Capitalization weighting is the prevailing choice for equity index investors, who can choose from low-cost index funds constructed with theoretically proven methodologies. But capitalization weighting in fixed-income markets enjoys no such theoretical foundation, leaving investors without a clear choice for a diversified core fixed-income holding. A portfolio of bond exchange-traded funds that optimizes the tradeoff between yield and risk gives investors a commendable way to own a broadly diversified core allocation.
John Bogle, the champion of indexing, has expressed concerns about the attributes and performance of the current generation of bond index funds. He focused on the Barclays Aggregate Bond Index (AGG), but his critique is relevant beyond that index. Rob Arnott’s firm, Research Affiliates, has also detailed problems with the current bond indexes. It is intriguing when Bogle and Arnott agree, particularly because they have historically been at odds on the subject of equity indexing.
The problems with capitalization-weighted bond indices
There are a variety of reasons why bond index funds have come under scrutiny. One of the common critiques of bond indices is the practice of capitalization-based weighting, using the outstanding market value of bonds. Companies with more debt have a higher allocation in a corporate bond index. There is no foundation for holding more of a company’s or country’s debt as it borrows more.
Another issue with cap-weighted bond indexes is style drift. The relative weighting of the aggregate bond index to government-backed bonds increased from 35% in 2007 to 47% in mid-2012. The higher allocation to government-backed securities increases interest-rate sensitivity. The effective style drift in AGG was not a one-time event, however. The history of this index shows a constantly varying allocation to different bond classes. A 2011 study of corporate bond indices found that their exposures to both credit risk and interest rate risk exhibit considerable drift through time.
A bond index with changing concentrations to specific fixed income classes is not inherently problematic, but it raises the question as to whether these allocations are broadly representative of the market or a quirk of the weighting methodology.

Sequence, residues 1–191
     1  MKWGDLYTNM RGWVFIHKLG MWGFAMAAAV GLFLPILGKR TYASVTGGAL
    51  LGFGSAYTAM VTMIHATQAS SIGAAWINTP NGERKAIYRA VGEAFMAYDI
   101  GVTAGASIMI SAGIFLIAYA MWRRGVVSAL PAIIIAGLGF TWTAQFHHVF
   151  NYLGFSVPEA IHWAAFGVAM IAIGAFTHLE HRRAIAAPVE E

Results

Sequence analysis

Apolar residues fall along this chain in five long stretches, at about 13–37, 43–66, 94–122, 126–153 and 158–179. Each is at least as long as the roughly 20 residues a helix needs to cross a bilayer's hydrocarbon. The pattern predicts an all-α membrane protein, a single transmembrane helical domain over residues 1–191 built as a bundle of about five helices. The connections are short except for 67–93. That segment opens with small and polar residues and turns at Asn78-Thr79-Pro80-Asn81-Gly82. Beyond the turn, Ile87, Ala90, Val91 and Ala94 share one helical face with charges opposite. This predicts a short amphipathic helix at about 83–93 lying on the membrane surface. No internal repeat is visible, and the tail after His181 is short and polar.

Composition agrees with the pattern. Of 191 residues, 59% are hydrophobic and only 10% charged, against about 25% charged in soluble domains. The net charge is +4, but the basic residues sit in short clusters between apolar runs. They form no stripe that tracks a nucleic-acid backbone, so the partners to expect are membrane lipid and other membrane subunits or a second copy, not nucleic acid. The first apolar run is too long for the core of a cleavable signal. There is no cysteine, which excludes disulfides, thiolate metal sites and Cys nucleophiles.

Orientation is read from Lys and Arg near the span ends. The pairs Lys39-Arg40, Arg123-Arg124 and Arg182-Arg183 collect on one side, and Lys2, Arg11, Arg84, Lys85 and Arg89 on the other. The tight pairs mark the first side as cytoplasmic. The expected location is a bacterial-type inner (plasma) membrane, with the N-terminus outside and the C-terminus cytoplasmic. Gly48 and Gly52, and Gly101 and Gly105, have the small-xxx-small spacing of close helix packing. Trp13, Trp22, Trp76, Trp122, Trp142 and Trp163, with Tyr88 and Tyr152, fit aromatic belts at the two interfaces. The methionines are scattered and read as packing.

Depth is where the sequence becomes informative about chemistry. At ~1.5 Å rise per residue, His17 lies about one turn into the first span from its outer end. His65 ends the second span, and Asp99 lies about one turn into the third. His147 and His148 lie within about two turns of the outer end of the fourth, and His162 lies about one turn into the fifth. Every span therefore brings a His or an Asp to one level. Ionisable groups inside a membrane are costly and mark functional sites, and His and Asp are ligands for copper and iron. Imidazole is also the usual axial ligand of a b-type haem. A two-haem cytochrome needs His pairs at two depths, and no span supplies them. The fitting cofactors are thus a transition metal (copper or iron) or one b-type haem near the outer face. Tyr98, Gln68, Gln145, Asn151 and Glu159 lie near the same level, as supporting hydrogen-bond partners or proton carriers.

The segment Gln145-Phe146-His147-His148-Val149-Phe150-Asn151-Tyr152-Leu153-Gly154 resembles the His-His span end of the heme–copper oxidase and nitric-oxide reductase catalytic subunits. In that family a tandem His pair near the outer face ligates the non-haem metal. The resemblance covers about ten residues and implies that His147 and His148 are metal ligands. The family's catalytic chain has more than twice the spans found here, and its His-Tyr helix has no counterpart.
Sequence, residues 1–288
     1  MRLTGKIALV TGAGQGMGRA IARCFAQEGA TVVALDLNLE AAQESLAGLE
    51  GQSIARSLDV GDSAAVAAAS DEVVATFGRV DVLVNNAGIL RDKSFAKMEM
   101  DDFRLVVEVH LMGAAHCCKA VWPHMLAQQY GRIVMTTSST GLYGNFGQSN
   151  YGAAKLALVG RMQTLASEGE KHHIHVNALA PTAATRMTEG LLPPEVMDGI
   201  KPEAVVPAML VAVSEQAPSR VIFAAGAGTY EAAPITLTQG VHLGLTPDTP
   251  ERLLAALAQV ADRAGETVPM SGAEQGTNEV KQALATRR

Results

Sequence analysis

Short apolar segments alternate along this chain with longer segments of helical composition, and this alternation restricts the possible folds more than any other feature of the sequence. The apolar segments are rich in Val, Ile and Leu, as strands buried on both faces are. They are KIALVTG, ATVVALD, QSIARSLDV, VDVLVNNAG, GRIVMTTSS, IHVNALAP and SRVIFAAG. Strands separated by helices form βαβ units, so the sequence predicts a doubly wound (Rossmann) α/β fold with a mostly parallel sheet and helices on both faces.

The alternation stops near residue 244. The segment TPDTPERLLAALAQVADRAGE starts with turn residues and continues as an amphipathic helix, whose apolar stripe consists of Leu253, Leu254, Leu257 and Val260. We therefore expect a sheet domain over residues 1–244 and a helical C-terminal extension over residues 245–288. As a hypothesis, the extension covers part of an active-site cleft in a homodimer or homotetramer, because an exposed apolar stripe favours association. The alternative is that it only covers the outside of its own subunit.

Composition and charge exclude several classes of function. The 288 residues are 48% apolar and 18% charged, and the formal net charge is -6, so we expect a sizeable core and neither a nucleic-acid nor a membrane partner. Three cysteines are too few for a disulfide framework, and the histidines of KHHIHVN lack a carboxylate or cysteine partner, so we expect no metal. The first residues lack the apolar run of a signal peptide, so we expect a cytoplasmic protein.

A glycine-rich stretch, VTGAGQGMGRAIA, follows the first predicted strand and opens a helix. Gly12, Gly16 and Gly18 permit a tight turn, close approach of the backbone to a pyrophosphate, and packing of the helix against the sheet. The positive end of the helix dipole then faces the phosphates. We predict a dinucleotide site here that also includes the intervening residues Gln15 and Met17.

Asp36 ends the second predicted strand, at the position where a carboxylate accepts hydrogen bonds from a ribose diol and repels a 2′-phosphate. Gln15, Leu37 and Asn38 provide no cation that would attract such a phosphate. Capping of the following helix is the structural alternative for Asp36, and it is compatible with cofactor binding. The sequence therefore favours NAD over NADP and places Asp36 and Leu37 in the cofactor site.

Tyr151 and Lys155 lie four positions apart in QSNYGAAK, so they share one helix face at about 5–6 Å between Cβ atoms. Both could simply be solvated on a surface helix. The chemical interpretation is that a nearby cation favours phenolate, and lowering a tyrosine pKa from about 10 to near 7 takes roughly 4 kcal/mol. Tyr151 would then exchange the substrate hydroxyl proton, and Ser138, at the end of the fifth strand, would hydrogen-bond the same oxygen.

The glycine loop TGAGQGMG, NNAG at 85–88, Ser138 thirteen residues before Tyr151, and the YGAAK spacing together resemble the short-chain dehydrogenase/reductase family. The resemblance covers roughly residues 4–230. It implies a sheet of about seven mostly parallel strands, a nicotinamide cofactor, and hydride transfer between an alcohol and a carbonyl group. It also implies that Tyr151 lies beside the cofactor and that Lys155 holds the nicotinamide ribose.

Another limitation of the aggregate bond index is that it does not include a number of bond classes, such as municipal bonds and high-yield bonds. Those bond sub-classes should not be ignored, since they are two of the few with substantial yields. Investors shouldn’t chase yield, but neither is it rational to exclude certain bond classes because they are high-risk.
There is a very good reason why investors should care whether a bond index consistently captures the entire bond market. A premise of portfolio theory is that for a portfolio to deliver the highest return for a given level of risk, it must be fully diversified. If the aggregate bond index is not fully diversified, investors are missing some fraction of the available return from the bond market. In the parlance of portfolio theory, the Aggregate Bond Index is not on the efficient frontier. This, in turn, means that a better core fixed-income portfolio should allow investors to reap more yield than the aggregate bond index, with no increase in risk. Bogle has suggested that this is the case, but he did not provide quantitative support nor did he propose a solution. Fortunately, as I will demonstrate, we can directly observe yield and risk for bond sub-classes and calculate portfolio yield and risk for combinations of these sub-asset classes, establishing that traditional bond indexes are inefficient at providing yield.
An alternate strategy
Arnott’s firm, Research Associates, has advocated a new approach to designing fixed income indices, but the results to date are inconclusive. Its approach is to weight bonds based on fundamental measures of a country’s or company’s prospective ability to repay debt, rather than upon the amount of outstanding debt. In its research, it found that a fundamentally weighted high-yield bond index had historically out-performed traditional high-yield indexes by an astounding 473 basis points per year. High-yield bonds exhibited the strongest benefit from fundamental weighting in their analysis, and other classes of bonds showed consistent benefits. This result suggests that traditional high-yield indexes are the most flawed as compared to other bond classes and thus present the biggest potential for improvement with a better-designed index.
The implementation of this strategy has not been successful, however. The PowerShares Fundamental High-Yield Bond Fund (PHB) has substantially under-performed Morningstar’s high-yield bond benchmark throughout its 5+ years of history, earning the fund a one-star rating. Some of the other funds using the fundamental bond index methodology have fared better, but the observed under-performance of PHB, for which the back testing showed the best results, is a concern.